Two contradictory directives are being discussed by the European Union, with one aiming to bring the UK financial services sector into line with Europe and another hindering any proposed changes.
The information and consultation directive being debated this week in Strasbourg is expected to be agreed by all member states, including the UK, by the end of the year.
It will force employers to discuss any changes to their organisation with employee representatives before being implemented.
City law firm Stephenson Harwood says this gives all financial advisers, including IFAs, the power to prevent or at least slow down structural changes and may make it difficult for the FSA or Treasury to remove polarisation and introduce new structures such as multi-ties.
But the insurance mediation directive, which should be adopted by the European Parliament next year, states: “A clear, common approach to the rules on intermediaries is essential in order to guarantee freedom of cross-border insurance services and to maintain protection of insurance customers at a high level.”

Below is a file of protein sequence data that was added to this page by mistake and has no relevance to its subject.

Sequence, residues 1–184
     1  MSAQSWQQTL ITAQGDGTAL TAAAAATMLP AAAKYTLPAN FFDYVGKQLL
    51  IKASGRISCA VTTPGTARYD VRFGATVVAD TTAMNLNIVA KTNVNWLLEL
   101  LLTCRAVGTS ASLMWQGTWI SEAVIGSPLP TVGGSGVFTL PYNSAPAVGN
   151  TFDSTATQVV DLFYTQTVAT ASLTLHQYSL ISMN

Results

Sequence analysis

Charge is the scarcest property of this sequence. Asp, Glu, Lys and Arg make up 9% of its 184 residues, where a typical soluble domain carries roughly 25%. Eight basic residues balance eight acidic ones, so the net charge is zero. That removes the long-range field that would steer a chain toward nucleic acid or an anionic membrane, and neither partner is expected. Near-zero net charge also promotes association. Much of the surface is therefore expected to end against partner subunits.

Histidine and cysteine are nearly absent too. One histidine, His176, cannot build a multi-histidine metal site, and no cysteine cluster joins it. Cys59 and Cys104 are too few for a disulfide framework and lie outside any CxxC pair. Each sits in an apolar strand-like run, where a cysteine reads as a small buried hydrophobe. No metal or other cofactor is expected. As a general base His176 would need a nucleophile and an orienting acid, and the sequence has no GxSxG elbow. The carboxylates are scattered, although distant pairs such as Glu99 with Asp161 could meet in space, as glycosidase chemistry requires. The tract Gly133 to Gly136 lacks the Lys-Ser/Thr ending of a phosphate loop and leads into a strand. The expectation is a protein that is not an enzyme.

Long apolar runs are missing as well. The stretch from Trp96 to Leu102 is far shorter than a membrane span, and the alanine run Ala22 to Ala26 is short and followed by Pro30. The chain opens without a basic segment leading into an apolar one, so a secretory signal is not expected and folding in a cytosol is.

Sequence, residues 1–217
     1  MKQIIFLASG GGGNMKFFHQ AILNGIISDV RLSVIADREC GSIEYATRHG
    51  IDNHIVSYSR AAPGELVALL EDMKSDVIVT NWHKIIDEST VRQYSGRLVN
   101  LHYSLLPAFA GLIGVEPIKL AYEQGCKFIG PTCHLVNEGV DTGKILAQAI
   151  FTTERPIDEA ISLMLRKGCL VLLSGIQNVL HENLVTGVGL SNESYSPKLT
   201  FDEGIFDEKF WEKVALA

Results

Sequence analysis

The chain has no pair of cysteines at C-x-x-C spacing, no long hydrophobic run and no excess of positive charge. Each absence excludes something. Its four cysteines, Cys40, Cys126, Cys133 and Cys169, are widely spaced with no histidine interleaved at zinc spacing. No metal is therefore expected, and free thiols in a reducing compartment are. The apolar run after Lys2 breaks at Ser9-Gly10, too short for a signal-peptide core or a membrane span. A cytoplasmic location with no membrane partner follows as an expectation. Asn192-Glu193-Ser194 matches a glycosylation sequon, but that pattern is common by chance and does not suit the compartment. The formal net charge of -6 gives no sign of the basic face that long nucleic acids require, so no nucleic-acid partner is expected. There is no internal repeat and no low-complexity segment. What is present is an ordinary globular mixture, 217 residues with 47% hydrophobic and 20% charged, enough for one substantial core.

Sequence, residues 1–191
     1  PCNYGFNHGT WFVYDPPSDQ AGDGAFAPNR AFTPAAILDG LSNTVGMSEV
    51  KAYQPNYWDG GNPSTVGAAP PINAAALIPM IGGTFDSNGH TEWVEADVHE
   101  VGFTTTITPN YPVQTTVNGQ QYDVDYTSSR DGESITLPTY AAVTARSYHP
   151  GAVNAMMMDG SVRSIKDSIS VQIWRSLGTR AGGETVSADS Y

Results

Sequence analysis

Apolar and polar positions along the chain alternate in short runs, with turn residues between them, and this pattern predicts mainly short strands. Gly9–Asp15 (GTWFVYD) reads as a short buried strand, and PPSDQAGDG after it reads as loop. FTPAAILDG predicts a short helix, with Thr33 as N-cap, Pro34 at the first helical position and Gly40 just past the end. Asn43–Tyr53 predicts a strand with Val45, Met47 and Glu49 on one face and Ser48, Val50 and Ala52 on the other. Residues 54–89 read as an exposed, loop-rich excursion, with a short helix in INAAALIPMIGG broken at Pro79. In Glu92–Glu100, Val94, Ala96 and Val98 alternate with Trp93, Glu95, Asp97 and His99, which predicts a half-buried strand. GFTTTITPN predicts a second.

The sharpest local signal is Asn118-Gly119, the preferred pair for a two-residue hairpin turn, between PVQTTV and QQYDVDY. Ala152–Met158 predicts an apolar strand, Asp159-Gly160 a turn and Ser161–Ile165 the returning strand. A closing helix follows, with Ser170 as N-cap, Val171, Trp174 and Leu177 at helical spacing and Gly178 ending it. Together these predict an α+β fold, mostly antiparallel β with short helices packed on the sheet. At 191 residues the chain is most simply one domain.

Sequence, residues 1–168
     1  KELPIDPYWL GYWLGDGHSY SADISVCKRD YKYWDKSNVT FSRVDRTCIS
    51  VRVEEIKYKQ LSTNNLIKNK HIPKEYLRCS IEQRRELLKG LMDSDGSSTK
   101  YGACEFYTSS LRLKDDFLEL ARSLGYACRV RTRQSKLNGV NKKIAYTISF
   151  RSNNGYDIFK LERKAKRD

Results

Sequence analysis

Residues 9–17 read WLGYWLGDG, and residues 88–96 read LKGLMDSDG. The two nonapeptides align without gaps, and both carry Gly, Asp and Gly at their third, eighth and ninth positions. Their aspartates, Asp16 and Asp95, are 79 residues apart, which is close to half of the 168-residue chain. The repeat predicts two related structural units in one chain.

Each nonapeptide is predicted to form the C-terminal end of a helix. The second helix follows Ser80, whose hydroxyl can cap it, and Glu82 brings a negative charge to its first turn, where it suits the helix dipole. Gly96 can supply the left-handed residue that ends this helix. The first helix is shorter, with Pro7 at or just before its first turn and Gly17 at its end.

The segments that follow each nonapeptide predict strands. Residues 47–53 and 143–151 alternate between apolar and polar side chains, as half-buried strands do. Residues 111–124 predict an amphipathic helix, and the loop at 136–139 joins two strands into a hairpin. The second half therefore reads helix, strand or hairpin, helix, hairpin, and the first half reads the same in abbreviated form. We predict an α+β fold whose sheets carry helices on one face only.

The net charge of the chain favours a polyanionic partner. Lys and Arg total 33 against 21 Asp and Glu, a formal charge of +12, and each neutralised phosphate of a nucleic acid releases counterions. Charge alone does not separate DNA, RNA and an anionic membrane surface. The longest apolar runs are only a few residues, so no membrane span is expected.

Co-operative Bank Financial Advisers director David Cox believes this will encourage a multi-tie structure in the UK to make it more like the rest of Europe.
This directive highlights the need to include all sizes of companies, suggesting it is “small intermediaries which can pose problems for the protection of insurance customers”.
National IFA Inter-Alliance spokesman Charles Ansdell says: “The consultation directive means any restructuring of job roles could be met with a lot of resistance.”
Stephenson Harwood managing partner Tom Flanagan says: “Large IFA firms will have to face the prospect of employees getting collectively organised to resist changes.”